By Krista Kesselring; posted 25 October 2016
I’d like to post a review or two, I really would; but this teaching term being what it is, and the mountain of marking looming over me being what it is, I’ll post instead my end-of-term reading list, some of the books on legal topics that I have on order to read as a reward when the last exam is marked, the last essay graded, and the last class completed…
- Bradley Miller, Borderline Crime: Fugitive Criminals and the Challenge of the Border, 1819-1914 (University of Toronto Press, 2016)
I’ve been dipping into the history of extradition across the Anglo-Scots border in the early modern era as part of my broader project on homicide, so I’m curious to see what Bradley has gleaned from his research on extradition, even though he focuses on a different time and place. Besides, I knew him back when he was an MA student at Dal and I always enjoyed his work. Here’s the publisher’s description:
‘This is the first comprehensive history of cross-border Canadian-American interactions in relation to fugitive criminals, escaped slaves, and refugees. Miller examines the complexity of those interactions, which involved formal legal regimes governed by treaties as well as informal and extra-legal phenomena such as abductions and ground-level ‘customary’ co-operation between low-level officials. All of this is set against the background of a developing international law and evolving ideas about extradition in other parts of the British empire.’
- Lauren Benton and Lisa Ford, Rage for Order: The British Empire and the Origins of International Law, 1800-1850 (Harvard University Press, 2016)
Nothing needs to be said here beyond what’s already on the publisher’s site:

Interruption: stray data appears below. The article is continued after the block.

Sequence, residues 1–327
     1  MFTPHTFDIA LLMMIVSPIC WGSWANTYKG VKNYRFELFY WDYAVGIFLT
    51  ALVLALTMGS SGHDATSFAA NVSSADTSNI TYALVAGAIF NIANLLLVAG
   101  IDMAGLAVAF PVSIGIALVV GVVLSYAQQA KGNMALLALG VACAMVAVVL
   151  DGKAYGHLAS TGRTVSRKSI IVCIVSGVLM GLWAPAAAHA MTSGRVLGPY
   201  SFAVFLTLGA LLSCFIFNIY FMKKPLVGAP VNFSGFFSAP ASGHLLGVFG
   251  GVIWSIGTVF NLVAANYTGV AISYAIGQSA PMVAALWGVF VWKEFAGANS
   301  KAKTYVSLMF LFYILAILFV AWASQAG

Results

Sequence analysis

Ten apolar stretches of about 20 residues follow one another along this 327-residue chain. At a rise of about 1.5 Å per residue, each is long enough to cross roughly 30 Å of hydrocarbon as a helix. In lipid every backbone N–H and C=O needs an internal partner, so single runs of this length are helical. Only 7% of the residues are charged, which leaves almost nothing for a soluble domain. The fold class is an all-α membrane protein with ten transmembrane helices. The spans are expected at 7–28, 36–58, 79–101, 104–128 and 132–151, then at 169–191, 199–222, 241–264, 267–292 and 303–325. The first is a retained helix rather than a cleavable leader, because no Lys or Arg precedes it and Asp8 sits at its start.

‘International law burst on the scene as a new field in the late nineteenth century. Where did it come from? Rage for Order finds the origins of international law in empires—especially in the British Empire’s sprawling efforts to refashion the imperial constitution and use it to order the world in the early part of that century.
Lauren Benton and Lisa Ford uncover the lost history of Britain’s global empire of law in colonial conflicts and bureaucratic dispatches rather than legal treatises and case law. Tracing constitutional politics around the world, Rage for Order shows that attempts to refashion the British imperial constitution touched on all the controversial issues of the day, from slavery to revolution. Scandals in turbulent colonies targeted petty despots and augmented the power of the Crown to intervene in the administration of justice. Campaigns to police piracy and slave trading linked British interests to the stability of politically fragmented regions. Dull bureaucrats dominated legal reform, but they did not act in isolation. Indigenous peoples, slaves, convicts, merchants, and sailors all scrambled to play a part in reordering the empire and the world beyond it. Yet, through it all, legal reform focused on promoting order, not advancing human rights or charting liberalism.
Rage for Order maps a formative phase in world history when imperial, not international, law anchored visions of global order. This sweeping story changes the way we think about the legacy of the British Empire and the meaning of international law today.’
If Professor Sharpe’s earlier works weren’t already enough to make one look forward to this epic survey, the teasers and reviews popping up in the press would certainly do so. See, for example, the reviews in The Guardian or in The Economist, or the publisher’s description: